I know we’ve discussed this briefly over on the Adobe-Dev Slack (thanks, Kerri), but I’d like to bring it up here for visibility.
If we’re going to monetize plugins, we’ll need some way of “registering” a plugin on its first use, and thus we’ll need some unique ID for the Xd user.
I realize access to the Adobe ID (which is also an email address?) is fraught, but perhaps the plugin API could just provide a unique identifier (the internal unique ID for the Adobe ID itself, or some transformed version that’s still unique)?
Hi @cpryland we’ll be adding support for commercial plugins in the future, though the timeline is still TBD. First step will be linking plugin acquisition to the user’s profile automatically - we do this already for other CC extension types through the Adobe Exchange. This will also ensure that users who install a plugin see that same plugin install on any other device they might be using.
@cpryland I’m not sure if this could help you but you could generate an UUID yourself (eg. using https://www.npmjs.com/package/uuid-random) and store it in the file system, then use that “installation id” to authenticate your users server side while bootstrapping the plugin.
May I ask what the Use-Case of this would be? I can go along with a unique identifier for users (for licensing implementations), but I don’t see why user details would be necessary in a lot of cases:
it’s clearer for users what data gets processed by the plugin if they have to enter it in the plugin manually (instead of just clicking Allow for the sake of getting a plugin to work)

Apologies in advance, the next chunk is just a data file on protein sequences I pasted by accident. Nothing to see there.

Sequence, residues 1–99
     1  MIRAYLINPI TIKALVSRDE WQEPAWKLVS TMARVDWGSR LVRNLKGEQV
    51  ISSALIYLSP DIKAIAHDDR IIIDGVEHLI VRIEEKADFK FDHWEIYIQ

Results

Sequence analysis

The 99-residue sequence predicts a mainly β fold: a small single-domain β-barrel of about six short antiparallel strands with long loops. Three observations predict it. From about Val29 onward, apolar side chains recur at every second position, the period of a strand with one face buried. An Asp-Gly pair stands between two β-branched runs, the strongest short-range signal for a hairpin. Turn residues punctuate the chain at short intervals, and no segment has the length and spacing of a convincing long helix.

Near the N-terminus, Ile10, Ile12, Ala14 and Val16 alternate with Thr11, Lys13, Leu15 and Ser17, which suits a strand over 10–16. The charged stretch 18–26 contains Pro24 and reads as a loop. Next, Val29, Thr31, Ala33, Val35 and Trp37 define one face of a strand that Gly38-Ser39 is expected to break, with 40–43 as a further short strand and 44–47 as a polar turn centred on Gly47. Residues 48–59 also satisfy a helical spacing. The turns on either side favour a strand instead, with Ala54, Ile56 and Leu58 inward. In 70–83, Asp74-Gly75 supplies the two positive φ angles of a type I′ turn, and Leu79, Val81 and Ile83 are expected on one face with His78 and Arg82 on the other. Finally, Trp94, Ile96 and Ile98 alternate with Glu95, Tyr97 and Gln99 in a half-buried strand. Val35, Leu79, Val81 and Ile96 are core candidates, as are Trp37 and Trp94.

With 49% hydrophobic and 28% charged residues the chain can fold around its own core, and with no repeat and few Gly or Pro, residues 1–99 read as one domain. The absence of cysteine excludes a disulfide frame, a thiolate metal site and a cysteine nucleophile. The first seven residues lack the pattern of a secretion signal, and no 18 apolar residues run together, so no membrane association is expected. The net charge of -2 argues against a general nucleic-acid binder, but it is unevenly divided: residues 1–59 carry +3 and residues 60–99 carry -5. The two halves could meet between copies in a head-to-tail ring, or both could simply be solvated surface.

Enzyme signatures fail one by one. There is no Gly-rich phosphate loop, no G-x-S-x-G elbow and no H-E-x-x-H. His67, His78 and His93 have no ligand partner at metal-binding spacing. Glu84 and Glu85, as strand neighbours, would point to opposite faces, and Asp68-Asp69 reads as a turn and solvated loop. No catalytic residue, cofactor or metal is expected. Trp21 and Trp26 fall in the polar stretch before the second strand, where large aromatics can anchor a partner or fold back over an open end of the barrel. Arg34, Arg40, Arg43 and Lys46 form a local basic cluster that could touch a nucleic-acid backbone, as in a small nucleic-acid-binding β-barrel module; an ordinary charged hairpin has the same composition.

if user details are relevant for a plugin’s feature, that could probably get achieved with OAuth? (again: making data exposed to the plugin more obvious to users)
In my opinion, the one thing required, as stated in the original request (and your first bullet point) is an anonymous “derived” unique user id. It is required because it can’t be solved by plugins in another way.
User details, on the other hand, can get solved in other ways. It is not the case that plugins require “automatic access”, in a sense, to these details to work. If a plugin needs these details, users can explicitly enter them. This, then, makes it much clearer than a popup Plugin XY requires access to your user data to work which data actually gets processed by the plugin. In my opinion, the manual way, in this case, is the better way. Too big would the implications for user privacy be if access was just one click of a button away.
Playing the Devil’s Advocate for a bit: The knowledge (that’s not far away with user details) that a user (with a known email-address or something like this) is
using XD version X
from country X (in most cases traceable by the IP address of the HTTP request submitting these details to the attacker’s database)
speaking language X (one of the languages detectable by application.systemLocale
using plugin XY
opened a document at time XY
(optional:) the user’s name is X
probably subscribed to the Creative Cloud (at least the “targets of interest”)
would be retrievable by a plugin getting “easy” access to user details (e.g., the email) and could make for a pretty convincing phishing email attack (considering a user probably doesn’t think too much about clicking an Allow button regarding such access).